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Subject: Laser printed labels

Laser printed labels

From: Sally Shelton <sshelton>
Date: Thursday, January 21, 1993
Your letter was forwarded to me with perfect synchronicity, as John
Simmons from the University of Kansas is here on a grant to consult with
us on several fluid collections issues, including labels.  He also knows
about the dry label problem, so we have some questions for you.  Are you
familiar with the article by Williams and Hawks on selecting inks for
documentation?  The Collection Forum articles by Gisbert et al. on Tyvek
and the various applications thereof?

Linda Sims of the Smithsonian Department of Entomology found in tests
for labels in fluid collections that desktop laser printers with a
standard Canon engine that bond by static pressure at 150 degrees F do
not hold up in alcohol --but what does hold up is a mainframe laser
printer, a Xerox 8700 which bonds at 390 degrees C at 300 lbs pressure.
She tested both Byron Weston Linen Ledger Resistall and Domar Wet
Strength Laundry Tag.  Her recommendation for use in alcohol was an
impact printer with an alcohol resistant ink (a Cove AG-8 ribbon).

*However*, several other places (including TMM and KU) have experimented
with laser printed labels (from a desktop printer) and found them to
hold up in alcohol as well as those prepared with an IBM Selectric or an
impact printer.  Of course, neither of these processes holds up as well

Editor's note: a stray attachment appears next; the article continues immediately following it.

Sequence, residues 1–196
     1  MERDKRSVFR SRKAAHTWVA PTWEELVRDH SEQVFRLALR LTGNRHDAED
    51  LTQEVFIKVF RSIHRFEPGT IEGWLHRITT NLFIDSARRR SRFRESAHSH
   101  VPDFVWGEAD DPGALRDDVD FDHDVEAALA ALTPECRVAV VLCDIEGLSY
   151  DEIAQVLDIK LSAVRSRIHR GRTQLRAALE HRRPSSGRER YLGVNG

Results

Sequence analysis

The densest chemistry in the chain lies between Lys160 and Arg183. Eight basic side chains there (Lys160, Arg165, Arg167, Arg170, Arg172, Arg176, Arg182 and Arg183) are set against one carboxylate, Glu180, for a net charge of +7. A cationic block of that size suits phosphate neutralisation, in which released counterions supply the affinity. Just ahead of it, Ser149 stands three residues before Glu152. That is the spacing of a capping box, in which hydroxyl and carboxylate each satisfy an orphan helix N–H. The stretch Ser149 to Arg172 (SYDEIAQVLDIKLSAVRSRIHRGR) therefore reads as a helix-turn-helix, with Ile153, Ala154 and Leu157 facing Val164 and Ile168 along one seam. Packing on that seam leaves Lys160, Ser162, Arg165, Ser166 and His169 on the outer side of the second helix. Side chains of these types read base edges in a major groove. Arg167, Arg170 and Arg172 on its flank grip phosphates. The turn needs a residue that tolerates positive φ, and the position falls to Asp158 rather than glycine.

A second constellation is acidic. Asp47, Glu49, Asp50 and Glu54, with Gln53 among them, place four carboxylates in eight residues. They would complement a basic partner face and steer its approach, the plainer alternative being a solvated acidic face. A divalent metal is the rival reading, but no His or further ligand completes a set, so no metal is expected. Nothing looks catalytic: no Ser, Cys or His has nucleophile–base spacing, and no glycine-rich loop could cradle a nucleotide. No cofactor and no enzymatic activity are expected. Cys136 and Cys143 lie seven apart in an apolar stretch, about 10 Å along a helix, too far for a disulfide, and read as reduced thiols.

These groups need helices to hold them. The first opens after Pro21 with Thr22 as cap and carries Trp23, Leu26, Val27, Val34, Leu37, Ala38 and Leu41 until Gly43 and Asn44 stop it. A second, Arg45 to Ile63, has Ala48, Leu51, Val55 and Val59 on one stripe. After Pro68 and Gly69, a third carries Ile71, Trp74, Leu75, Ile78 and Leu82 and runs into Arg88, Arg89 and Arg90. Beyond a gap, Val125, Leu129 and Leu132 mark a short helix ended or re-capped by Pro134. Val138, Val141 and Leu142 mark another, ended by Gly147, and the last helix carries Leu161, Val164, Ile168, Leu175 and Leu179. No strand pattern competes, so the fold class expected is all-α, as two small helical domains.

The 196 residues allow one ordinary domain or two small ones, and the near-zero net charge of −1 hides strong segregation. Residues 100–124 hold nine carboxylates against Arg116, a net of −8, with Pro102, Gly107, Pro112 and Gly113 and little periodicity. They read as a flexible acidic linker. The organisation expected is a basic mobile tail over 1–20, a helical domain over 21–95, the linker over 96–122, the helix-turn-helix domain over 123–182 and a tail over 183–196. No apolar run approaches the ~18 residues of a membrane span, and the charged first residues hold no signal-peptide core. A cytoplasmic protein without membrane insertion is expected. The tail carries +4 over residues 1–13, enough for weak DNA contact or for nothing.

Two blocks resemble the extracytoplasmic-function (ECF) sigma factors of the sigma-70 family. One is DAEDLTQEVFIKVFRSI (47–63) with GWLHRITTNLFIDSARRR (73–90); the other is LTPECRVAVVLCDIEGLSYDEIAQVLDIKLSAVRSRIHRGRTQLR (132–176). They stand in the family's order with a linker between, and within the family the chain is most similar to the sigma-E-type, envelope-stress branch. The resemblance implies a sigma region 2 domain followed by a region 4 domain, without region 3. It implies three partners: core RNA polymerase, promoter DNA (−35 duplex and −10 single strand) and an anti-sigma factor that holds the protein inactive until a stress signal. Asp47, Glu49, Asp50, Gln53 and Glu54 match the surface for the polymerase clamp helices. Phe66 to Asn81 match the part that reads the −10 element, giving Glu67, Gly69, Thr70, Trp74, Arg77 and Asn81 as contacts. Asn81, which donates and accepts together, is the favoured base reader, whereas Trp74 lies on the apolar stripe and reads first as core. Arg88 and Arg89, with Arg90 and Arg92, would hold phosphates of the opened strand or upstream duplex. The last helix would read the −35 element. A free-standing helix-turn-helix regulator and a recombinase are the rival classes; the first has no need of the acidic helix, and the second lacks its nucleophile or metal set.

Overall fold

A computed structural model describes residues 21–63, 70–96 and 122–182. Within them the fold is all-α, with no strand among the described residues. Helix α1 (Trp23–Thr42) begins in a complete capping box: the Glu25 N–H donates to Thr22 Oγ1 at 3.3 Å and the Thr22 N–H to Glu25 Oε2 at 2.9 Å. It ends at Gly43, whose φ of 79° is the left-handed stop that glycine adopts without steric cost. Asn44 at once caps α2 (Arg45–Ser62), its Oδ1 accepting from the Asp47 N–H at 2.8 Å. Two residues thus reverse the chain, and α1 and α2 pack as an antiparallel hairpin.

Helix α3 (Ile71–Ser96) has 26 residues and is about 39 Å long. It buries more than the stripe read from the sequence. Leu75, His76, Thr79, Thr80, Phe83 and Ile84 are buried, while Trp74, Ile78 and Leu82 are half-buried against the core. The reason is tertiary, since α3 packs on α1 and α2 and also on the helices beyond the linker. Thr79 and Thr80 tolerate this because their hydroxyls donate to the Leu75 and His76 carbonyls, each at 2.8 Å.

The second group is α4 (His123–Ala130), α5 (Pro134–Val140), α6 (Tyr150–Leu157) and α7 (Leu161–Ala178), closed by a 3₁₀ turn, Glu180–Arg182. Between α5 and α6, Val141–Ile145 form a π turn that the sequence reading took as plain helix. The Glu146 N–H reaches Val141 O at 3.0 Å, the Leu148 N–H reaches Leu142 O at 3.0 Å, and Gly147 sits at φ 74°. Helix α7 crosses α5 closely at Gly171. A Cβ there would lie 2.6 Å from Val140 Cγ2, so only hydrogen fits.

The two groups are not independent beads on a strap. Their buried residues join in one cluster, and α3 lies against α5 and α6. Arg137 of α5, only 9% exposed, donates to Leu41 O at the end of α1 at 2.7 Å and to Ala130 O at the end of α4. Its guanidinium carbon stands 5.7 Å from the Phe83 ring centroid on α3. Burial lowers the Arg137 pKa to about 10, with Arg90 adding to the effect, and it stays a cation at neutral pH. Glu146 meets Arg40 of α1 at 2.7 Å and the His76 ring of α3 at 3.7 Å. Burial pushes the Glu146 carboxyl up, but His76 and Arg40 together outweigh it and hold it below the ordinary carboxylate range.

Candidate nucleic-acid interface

as an old-fashioned carbon ink typewriter ribbon.  The Selectric type
floats on the surface of the paper so it can be picked up by the eraser
tape--in an old-fashioned typewriter, the ink is impacted into the
paper.  Sims also experimented with an acrylic spray (Krylon Crystal
Clear) and found it only delayed the eventual degradation of the labels.
She also found that ethyl acetate dissolves the toner of laser printer
generated labels.  Laser printer generated labels can be strengthened by
a post-printing heat treatment to make a stronger bond between ink and
paper (heated to 300 degrees F for 10 minutes).  In the end, abrasion
seems to be the worst enemy of wet labels.  We have not tried labels in
full sunlight.  It is our experience that Tyvek and laser printers don't
mix.  If you can't find copies of the aforesaid articles, let us know
and copies will be sent.

Sally Shelton
Natural History Conservation Lab
Texas Memorial Museum

John Simmons, Museum of Natural History,
University of Kansas pendejo [at] kuhub__cc__ukans__edu

                  Conservation DistList Instance 6:39
                Distributed: Saturday, January 23, 1993
                        Message Id: cdl-6-39-002
Received on Thursday, 21 January, 1993

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